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The Fundamentals Of Self-Care When You’re Young, Black & Woke

I feel too deeply and too empathetically to expose myself to day-to-day news, so I stopped cold turkey.

Her Voice

About a year or two ago when there seemed to be an influx in the very public murdering of black men and women on social media, I became very intentional about distinguishing what needs to be seen and known to advance justice for those innocent people versus what is necessary for me to maintain a certain level of self-care.

As James Baldwin said, "To be a Negro in this country and to be relatively conscious is to be in a rage almost all the time." But as an empathetic person who internalizes all pain, I wasn't just enraged, I was sad and discouraged. I was tired.

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And when you're that "relatively woke" friend, there's a good chance that your friends are sending you a heavy rotation of content on the daily in their own blinding outrage...and rage rage.

Do I want the government censoring the senseless murders of their doing? Yeeea--No. Maybe? That's a thought I constantly straddle when asking myself what I want from the media I consume, being well-aware that trauma can occur when taking in all the violence against black people. Whichever side of the fence I fall on, I had to become intentional about what I was allowing my mind to take in and the frequency at which I was doing so.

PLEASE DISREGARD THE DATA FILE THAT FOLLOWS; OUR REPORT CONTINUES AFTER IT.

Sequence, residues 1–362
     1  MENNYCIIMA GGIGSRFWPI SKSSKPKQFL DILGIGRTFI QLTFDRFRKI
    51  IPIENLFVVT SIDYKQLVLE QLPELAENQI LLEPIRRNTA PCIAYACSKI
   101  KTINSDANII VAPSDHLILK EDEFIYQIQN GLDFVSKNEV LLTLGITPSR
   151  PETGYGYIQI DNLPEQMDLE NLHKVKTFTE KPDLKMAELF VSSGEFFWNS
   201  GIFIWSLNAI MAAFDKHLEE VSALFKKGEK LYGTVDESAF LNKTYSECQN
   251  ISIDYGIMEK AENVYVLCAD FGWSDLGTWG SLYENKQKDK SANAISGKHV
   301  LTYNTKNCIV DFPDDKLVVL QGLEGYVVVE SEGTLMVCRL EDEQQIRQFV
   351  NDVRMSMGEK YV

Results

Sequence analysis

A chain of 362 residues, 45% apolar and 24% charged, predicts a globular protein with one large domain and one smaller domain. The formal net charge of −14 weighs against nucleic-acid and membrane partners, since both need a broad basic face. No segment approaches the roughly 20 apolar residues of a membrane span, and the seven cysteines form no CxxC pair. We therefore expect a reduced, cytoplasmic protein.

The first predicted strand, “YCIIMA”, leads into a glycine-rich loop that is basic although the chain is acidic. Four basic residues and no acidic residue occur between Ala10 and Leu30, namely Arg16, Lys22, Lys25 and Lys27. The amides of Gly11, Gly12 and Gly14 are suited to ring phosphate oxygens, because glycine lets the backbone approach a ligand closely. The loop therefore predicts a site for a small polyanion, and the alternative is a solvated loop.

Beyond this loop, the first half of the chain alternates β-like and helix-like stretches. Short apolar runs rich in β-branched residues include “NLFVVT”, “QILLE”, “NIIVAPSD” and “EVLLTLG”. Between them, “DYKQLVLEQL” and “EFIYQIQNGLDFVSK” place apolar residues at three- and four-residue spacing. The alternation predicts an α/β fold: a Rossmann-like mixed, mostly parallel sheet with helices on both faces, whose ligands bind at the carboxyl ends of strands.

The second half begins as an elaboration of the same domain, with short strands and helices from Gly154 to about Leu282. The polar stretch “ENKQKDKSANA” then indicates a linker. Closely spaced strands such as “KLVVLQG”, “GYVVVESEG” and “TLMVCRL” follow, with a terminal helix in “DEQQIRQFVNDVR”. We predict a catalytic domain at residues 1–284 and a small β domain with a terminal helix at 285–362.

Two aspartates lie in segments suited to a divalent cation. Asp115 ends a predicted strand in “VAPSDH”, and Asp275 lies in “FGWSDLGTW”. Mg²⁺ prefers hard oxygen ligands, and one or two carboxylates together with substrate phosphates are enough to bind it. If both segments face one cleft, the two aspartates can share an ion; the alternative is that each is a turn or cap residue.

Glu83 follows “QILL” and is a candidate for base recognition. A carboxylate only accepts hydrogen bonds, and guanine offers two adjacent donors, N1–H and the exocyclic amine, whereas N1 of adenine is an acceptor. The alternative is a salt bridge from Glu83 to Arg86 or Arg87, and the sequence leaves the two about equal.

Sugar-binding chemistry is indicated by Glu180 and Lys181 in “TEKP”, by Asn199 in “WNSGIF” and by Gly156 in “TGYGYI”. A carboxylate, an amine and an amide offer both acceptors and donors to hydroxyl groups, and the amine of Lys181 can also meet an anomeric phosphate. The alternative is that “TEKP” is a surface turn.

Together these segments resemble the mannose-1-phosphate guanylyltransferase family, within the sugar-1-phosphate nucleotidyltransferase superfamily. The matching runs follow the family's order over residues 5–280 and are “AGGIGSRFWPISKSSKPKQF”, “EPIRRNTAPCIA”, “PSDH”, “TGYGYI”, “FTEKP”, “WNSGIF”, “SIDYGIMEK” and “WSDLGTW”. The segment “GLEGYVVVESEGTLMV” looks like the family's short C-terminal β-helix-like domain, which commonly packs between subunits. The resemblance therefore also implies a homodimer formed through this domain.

I'll be the first to ring the alarm on outrageous bullshit hot on the streets, but I also try to respect my zen ass subconscious when it says enough is enough and then try to extend that respect to others.

I feel too deeply and too empathetically to expose myself to day-to-day news, so I stopped cold turkey.

To watch the news is to be informed, allegedly, but it is also a life sentence to the therapist that I'm currently out paying of my pocket. However, because people have come to know me as the "rah, rah" friend, they shoot me texts and direct messages of the most current traumatic news and what we're all guilty of, myself included, is sending that message without avail or shooting our fellow sis a "trigger warning" text, first.

This is something I'm navigating in my awareness of what these types of news stories can do to our mental health, and while I have not gotten it down pact completely, I've learned a thing or two and I would like to share it with you.

Know Your Triggers

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I learned that not all social media is created equally long ago, personally, this has also come to mean that not every platform requires so much of my energy. Since discovering this, I sometimes have to pause and find the social media source of my angst. I surveyed my emotion when getting on Twitter, Facebook, and Instagram right after the R. Kelly documentary. The act of logging into Facebook would tie my stomach up in all type of knots, so I deleted the app for a while. No need to make a dramatic announcement, just sign the hell out.